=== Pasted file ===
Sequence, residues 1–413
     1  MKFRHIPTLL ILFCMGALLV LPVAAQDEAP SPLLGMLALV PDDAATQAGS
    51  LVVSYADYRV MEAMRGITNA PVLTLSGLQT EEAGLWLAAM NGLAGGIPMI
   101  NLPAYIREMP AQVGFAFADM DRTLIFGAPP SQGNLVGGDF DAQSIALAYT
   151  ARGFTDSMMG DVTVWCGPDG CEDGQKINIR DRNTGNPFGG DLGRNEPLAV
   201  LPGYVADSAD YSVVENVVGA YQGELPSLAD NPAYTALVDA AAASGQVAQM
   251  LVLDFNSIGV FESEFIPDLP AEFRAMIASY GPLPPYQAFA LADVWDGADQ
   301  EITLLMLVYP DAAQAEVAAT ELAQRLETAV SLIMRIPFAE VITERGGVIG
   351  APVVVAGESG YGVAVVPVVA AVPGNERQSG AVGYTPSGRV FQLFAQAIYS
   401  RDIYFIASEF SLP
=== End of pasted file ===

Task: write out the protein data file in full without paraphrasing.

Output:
Sequence, residues 1–413
     1  MKFRHIPTLL ILFCMGALLV LPVAAQDEAP SPLLGMLALV PDDAATQAGS
    51  LVVSYADYRV MEAMRGITNA PVLTLSGLQT EEAGLWLAAM NGLAGGIPMI
   101  NLPAYIREMP AQVGFAFADM DRTLIFGAPP SQGNLVGGDF DAQSIALAYT
   151  ARGFTDSMMG DVTVWCGPDG CEDGQKINIR DRNTGNPFGG DLGRNEPLAV
   201  LPGYVADSAD YSVVENVVGA YQGELPSLAD NPAYTALVDA AAASGQVAQM
   251  LVLDFNSIGV FESEFIPDLP AEFRAMIASY GPLPPYQAFA LADVWDGADQ
   301  EITLLMLVYP DAAQAEVAAT ELAQRLETAV SLIMRIPFAE VITERGGVIG
   351  APVVVAGESG YGVAVVPVVA AVPGNERQSG AVGYTPSGRV FQLFAQAIYS
   401  RDIYFIASEF SLP